But I never wanted to get married. I wanted us to wake up every morning and choose each other all over again. I wanted our love to be a constantly evolving decision and not a given.

All this to say, I never saw myself getting married. The “big white wedding” that we say all little girls dream about, it never even occurred to me. I want a life more wild, and that life sounded tame.

And yet, I’ve decided to get married, so now I’m trying to figure out what that means to me. No one ever tells you that saying yes to a proposal might come with some hard thinking. I wish I had more examples of wild marriages. Images of future domesticity and pleasant tameness horrify and frustrate me, and I’m not sure if that’s youthful naivete or just an indelible part of my personality.


This picture sums it up pretty well, I think. I have perpetually chipped nail polish, burns on my hands from work, and tattoos. And a beautiful diamond ring that’s a little too big for me. “Too big” strikes me as poignant.

So when people start talking about designer shoes, invitations on special paper, and centerpieces, I get a little freaked out. It’s not that I’m ungrateful— please don’t mistake it for that. I’m just afraid of uncritically going with the current. I want to know why and for what purpose?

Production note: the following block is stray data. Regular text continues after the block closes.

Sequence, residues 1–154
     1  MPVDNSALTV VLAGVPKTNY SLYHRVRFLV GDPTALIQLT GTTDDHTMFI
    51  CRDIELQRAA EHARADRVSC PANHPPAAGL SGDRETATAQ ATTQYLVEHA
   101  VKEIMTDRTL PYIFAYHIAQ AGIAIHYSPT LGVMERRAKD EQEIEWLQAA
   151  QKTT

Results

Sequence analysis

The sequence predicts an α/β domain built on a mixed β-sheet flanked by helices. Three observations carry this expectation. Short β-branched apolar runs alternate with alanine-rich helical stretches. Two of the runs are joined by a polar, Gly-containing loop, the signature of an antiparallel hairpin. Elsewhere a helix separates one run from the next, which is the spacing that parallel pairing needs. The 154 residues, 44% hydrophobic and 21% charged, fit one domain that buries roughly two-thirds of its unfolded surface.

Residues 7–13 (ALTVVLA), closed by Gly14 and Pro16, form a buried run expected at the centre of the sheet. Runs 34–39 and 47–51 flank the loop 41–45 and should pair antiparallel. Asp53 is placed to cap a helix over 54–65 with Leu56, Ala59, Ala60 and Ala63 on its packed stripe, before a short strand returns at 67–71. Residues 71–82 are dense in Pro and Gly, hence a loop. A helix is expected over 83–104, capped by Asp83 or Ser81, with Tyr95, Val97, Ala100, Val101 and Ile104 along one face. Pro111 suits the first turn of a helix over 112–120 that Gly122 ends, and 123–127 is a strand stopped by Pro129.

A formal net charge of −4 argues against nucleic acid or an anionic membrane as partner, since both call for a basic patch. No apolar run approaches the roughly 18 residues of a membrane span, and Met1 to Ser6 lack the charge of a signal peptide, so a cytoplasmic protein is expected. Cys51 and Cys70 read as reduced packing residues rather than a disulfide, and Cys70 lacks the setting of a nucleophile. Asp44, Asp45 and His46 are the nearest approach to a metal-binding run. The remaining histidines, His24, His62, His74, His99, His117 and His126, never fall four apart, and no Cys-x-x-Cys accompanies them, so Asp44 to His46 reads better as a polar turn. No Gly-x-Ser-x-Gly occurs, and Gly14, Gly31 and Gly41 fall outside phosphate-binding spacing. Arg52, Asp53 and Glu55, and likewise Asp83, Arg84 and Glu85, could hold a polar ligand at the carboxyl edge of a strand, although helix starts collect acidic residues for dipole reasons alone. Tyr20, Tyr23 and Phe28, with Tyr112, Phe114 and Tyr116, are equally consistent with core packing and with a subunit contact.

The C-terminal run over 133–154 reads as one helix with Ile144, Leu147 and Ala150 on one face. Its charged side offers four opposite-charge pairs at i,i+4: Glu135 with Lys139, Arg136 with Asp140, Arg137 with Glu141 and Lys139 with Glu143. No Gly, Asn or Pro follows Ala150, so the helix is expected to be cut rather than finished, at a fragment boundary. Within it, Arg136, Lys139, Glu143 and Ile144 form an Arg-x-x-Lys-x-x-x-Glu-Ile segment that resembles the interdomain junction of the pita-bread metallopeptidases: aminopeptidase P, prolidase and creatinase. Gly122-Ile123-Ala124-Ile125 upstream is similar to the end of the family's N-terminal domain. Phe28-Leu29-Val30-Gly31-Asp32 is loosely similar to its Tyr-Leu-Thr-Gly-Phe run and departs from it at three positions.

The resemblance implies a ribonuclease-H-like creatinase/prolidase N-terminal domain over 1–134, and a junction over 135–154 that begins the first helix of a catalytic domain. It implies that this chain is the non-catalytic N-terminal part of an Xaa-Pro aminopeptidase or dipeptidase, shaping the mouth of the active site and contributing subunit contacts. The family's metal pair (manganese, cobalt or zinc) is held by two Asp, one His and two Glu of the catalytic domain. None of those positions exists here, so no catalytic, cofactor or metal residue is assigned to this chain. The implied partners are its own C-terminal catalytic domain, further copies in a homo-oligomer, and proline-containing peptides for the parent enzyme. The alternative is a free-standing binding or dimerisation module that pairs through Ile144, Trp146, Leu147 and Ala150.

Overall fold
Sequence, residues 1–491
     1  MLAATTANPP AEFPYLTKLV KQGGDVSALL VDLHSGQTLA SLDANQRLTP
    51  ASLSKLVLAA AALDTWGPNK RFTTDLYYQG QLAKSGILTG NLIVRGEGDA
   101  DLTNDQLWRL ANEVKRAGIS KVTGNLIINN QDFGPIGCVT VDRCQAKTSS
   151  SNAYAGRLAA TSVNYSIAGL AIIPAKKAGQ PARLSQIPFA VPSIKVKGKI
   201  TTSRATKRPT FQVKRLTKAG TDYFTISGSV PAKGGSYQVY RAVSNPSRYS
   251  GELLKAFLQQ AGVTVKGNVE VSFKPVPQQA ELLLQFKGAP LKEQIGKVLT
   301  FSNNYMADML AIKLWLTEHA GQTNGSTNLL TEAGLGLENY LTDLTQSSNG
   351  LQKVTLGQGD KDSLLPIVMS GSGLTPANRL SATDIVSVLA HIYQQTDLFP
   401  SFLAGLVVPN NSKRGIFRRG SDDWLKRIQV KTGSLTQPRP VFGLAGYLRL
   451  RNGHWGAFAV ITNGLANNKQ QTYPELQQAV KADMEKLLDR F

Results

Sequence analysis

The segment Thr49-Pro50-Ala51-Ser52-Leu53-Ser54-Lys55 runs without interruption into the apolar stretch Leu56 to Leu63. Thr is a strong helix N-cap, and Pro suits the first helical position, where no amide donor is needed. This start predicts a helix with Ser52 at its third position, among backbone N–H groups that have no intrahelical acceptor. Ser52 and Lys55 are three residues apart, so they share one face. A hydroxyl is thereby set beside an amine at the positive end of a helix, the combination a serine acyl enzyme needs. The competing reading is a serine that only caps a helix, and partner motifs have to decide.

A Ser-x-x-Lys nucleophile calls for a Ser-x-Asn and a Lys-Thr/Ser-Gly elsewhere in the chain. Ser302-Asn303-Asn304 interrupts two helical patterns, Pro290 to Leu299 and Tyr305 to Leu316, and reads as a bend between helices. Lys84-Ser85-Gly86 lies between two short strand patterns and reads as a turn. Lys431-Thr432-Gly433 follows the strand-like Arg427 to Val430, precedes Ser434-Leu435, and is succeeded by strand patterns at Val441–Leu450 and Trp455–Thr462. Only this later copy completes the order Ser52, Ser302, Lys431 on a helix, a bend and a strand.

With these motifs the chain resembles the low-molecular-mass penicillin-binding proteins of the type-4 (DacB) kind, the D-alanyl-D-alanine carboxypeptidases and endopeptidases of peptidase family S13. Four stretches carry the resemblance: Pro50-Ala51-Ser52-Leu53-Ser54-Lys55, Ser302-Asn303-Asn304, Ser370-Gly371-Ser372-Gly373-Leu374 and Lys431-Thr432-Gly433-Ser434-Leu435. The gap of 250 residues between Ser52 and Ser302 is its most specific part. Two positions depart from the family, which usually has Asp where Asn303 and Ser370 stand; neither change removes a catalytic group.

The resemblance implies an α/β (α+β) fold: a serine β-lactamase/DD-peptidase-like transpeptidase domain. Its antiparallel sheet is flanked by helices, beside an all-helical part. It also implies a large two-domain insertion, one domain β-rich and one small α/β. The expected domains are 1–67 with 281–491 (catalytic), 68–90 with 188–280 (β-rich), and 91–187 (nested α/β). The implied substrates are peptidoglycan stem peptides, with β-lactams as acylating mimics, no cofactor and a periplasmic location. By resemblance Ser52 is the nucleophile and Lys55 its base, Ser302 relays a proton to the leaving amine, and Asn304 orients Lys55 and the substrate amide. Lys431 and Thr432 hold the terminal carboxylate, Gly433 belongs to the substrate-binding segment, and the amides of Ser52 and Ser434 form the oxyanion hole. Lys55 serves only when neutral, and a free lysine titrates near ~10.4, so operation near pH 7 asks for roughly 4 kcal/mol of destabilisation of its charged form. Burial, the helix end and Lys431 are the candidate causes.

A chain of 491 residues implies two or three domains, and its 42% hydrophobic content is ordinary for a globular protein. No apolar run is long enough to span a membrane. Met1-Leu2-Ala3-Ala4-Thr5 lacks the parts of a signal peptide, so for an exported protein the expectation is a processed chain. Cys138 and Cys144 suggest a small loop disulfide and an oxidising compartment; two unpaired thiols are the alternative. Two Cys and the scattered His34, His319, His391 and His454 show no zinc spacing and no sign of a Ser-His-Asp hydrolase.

I want to know, does marriage oppress women? If my father “gives me away,” does that imply that I am an object for men and not a sovereign person? Do I need to make sure that my vows don’t say that I will “love, honor, and obey?” Why does the woman wear an engagement ring but not the man? Does this mark me as property? I’m not property. Do I keep my last name or take his, and what does each option mean to me?

There are so many layers to these things. I can’t ignore the cultural and historical whys. I am trying to figure out what to keep and what to discard: what traditions are good and where we should create and substitute our own.

So if you see me on the street and I get a little cagey when you talk about the wedding, please know that it’s not you, it’s me. And it’s not that I don’t love my partner dearly, it’s that I’m working through my thoughts on the whole institution of marriage, and why we do it, and what it means.

I have the creeping suspicion that marriage isn’t too small, so much as my current perception is too small to contain it.

Time as Thief

My grandparents have been sleeping on the same sides of their bed for 63 years. That’s just under three times as long as I’ve been alive. Yesterday I was over at their house, listening to my dad talk them into getting mechanical beds that will raise and lower so they can get out of bed more easily.

They are adamant that they sleep in the same room, next to each other. Much furniture will be rearranged to make this happen.

It’s beautiful, and it’s sad. Watching loved family slow down and make concessions for their age is a sad thing. Time comes and it steals things slowly. I wish I could help. I wish it didn’t have to come to this, robbed of the ability to sleep in the same big bed by the relentless march of time.

“We can hold hands,” my grandma tells her husband.

They smile, and it’s so sweet it breaks my heart.